For the fruit I chose strawberries, blueberries, kiwi, and mango. I discovered that the secret to the great meld of flavors in this tart is the glaze. I am lucky enough to have a mother-in-law who makes jam and shares it! (As an aside- ever had chesterberry jam? It's my new favorite!!) I grabbed a jar of her homemade apricot jam to make the glaze with. Oh it was so good!

How can I explain how good this tart is? Well, I ate both of them before my husband got home from work and then began checking airfare to Paris. Why? Because this tart is so incredible it will make you want to move to Paris and open your own pastry shop!

Monday, May 16, 2011

Martha Stewart Cupcakes: Tiramisu Cupcakes

For May the Martha Stewart Cupcake group is baking tiramisu cupcakes. I love tiramisu. It is easily one of my favorite desserts and last year for the Daring Bakers I made tiramisu from scratch. I was so excited about these cupcakes and sadly they fell hugely short.

First of all, Martha- I appreciate you and all- but you are just evil sometimes. You want me to split a vanilla bean and simmer it in milk. What is so wrong with vanilla extract?? That step, yes I did it, was just a bit over the top for me this week.

Confession. I don't know how to make coffee. (I don't like coffee. Ironically, I often like light coffee flavors in desserts, but never as a beverage.)  I called my husband for help. He wasn't available. I winged it. Turns out I make a sad weak cup of coffee.

The cupcake wasn't that exciting on it's own. My coffee syrup flavoring was tasteless and I didn't like the mascapone whip cream topping. I'm not sure what went wrong here. Perhaps it was the type of mascapone I purchased, but it was way too cheesy for the dessert. Mascapone is usually light. This still tasted a bit grassy. Grass and whip cream do not mix!
This one was a failure at our house.

Saturday, May 14, 2011

Daring Cooks: Chicken and Sausage Gumbo

Our May hostess, Denise, of There’s a Newf in My Soup!, challenged The Daring Cooks to make Gumbo! She provided us with all the recipes we’d need, from creole spices, homemade stock, and Louisiana white rice, to Drew’s Chicken & Smoked Sausage Gumbo and Seafood Gumbo from My New Orleans: The Cookbook, by John Besh.
I was absolutely thrilled and intimidated with this month's Daring Cooks challenge. My stepmother's family is from Louisiana and every Christmas Eve her mother makes gumbo for dinner. At first I thought it was a bit odd. I'm not sure I ate much of it that first year. But, quickly I came to like it and then looked forward to it as the holiday season began. Grandma has now retired from doing the big gumbo dinners. Perhaps it's time I take the reigns and learn to make gumbo myself. I think it would be a fun tradition to keep up for my family.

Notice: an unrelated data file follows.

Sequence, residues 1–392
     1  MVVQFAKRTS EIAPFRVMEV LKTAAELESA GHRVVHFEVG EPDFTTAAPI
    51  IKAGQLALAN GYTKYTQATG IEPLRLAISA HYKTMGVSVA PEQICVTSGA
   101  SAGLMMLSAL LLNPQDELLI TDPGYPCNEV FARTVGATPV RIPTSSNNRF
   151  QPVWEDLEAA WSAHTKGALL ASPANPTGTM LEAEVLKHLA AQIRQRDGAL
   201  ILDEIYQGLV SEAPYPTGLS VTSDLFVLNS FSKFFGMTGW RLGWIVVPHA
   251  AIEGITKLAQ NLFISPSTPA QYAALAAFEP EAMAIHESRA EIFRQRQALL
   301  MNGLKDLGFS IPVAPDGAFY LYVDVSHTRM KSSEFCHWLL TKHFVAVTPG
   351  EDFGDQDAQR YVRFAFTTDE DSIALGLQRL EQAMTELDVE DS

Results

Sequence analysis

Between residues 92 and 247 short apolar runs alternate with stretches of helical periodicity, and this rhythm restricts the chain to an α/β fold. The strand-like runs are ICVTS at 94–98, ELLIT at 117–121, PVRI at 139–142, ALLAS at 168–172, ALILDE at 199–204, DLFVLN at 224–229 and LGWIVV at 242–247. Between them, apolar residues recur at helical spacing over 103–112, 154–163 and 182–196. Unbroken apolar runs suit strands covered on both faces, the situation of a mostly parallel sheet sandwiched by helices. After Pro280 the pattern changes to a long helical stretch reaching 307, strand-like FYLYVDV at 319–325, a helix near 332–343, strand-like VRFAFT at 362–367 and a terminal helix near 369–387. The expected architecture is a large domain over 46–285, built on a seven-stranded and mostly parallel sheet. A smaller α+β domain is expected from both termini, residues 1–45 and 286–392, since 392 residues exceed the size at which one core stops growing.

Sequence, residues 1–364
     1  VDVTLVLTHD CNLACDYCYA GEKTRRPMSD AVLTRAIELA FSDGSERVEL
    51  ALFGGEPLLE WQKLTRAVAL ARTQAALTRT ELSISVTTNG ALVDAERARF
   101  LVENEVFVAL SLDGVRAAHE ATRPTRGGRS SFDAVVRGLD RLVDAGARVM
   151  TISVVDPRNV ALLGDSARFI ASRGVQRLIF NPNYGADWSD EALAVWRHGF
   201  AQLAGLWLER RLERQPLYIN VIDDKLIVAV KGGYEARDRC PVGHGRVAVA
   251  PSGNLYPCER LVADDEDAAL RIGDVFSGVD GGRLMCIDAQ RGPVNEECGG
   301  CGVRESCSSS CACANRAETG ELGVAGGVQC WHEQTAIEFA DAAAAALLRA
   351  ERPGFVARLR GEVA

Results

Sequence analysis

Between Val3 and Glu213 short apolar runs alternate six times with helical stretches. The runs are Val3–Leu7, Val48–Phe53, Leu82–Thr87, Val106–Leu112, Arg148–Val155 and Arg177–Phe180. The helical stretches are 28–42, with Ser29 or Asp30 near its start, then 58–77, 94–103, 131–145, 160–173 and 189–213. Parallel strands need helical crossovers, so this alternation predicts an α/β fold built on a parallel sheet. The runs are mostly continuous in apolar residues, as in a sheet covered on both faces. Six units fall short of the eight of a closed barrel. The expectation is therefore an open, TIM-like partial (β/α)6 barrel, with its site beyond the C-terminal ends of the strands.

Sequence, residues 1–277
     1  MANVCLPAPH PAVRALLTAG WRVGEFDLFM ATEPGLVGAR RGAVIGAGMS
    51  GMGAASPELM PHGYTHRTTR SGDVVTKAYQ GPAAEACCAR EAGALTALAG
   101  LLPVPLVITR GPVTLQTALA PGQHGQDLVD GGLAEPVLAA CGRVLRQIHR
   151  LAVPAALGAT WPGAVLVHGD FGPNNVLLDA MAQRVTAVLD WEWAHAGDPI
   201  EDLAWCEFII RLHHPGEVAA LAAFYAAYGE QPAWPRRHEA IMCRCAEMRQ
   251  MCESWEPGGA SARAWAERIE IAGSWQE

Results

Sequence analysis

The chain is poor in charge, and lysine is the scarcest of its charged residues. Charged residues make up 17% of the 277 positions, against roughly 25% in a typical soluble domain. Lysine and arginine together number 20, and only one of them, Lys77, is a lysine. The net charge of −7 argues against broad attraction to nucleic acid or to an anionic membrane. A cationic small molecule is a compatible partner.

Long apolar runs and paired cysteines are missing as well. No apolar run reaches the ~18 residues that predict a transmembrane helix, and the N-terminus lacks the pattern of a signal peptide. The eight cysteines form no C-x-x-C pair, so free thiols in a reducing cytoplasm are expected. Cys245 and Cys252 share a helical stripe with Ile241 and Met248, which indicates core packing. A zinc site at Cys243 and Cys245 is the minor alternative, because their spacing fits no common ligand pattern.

The roux totally intimidated me. In most other ways gumbo seems like a big stew and how hard is it to mess up stew, but the roux is the crux.
Roux at 1 min, 3 min, 8 min, 10 min, and 15 min
I was happy to find some fellow cooks posting photos of their roux at different stages. This helped me as I began cooking mine. A roux consists of some kind of fat, I used canola oil, and flour. You whisk them together for 15 minutes until the roux becomes are dark brown color. I know it doesn't sound that hard but you spend the whole time worrying you're burning it and afraid of it splattering on you. I got one little oil splatter that turned into a little water blister burn. Ouch! My step-mom uses a cast iron pot and flat ended wooden spoon to make her roux.
Roux and onions

 Once I added the onions and saw that my picture looked a lot like the example, I felt better. I then added the Creole-seasoned chicken and sausage followed by the vegetables. After letting it all meld for a bit I added the stock and let it simmer for two hours. The house smelled fantastic, very... Christmasy. LOL.

I had my step-mom and dad over to dinner for this meal. My step-mom who has been eating gumbo her whole life declared it good and my dad and husband went back for seconds. A success!! Charlotte (3) wasn't into it, but Penelope (18 months) kept demanding more sausage from my bowl. A future gumbo eater for sure! Now that I've done it once it doesn't feel so hard. Perhaps I have Christmas Eve dinner already figured out!

Great challenge! Thank you!!

Chicken & Smoked Sausage Gumbo
Printable Recipe 

Adapted From: Daring Cooks  and From My New Orleans: The Cookbook, by John Besh

1 cup  canola oil
1 cup flour
2 large onions, diced
1 chicken (3 ½ to 4 lbs.), cut into 10 pieces
2 tablespoons Basic Creole Spices (recipe follows), or store-bought Creole spice blend
2 pounds spicy smoked sausage, sliced ½ inch thick
2 stalks celery, diced
2 green bell peppers, seeded and diced
1 tomato, seeded and chopped
2 cloves garlic, minced
Leaves from 2 sprigs of fresh thyme
3 quarts chicken stock
2 bay leaves
6 ounces andouille sausage, chopped
2 cups sliced fresh okra, ½ -inch thick slices (or frozen)
1 tablespoon Worcestershire sauce
Salt, to taste
Freshly ground black pepper, to taste
Filé powder, to taste
Tabasco, to taste
4-6 cups cooked Basic Louisiana White Rice (recipe follows)

1. Prepare homemade chicken stock, if using (recipe below).
2. Prepare homemade Basic Creole Spices, if using (recipe below).
3. Season the chicken pieces with about 2 tablespoons of the Creole Spices while you prepare the vegetables.
4. Make sure all of your vegetables are cut, diced, chopped, minced and ready to go before beginning the roux. You must stand at the stove and stir the roux continuously to prevent it from burning.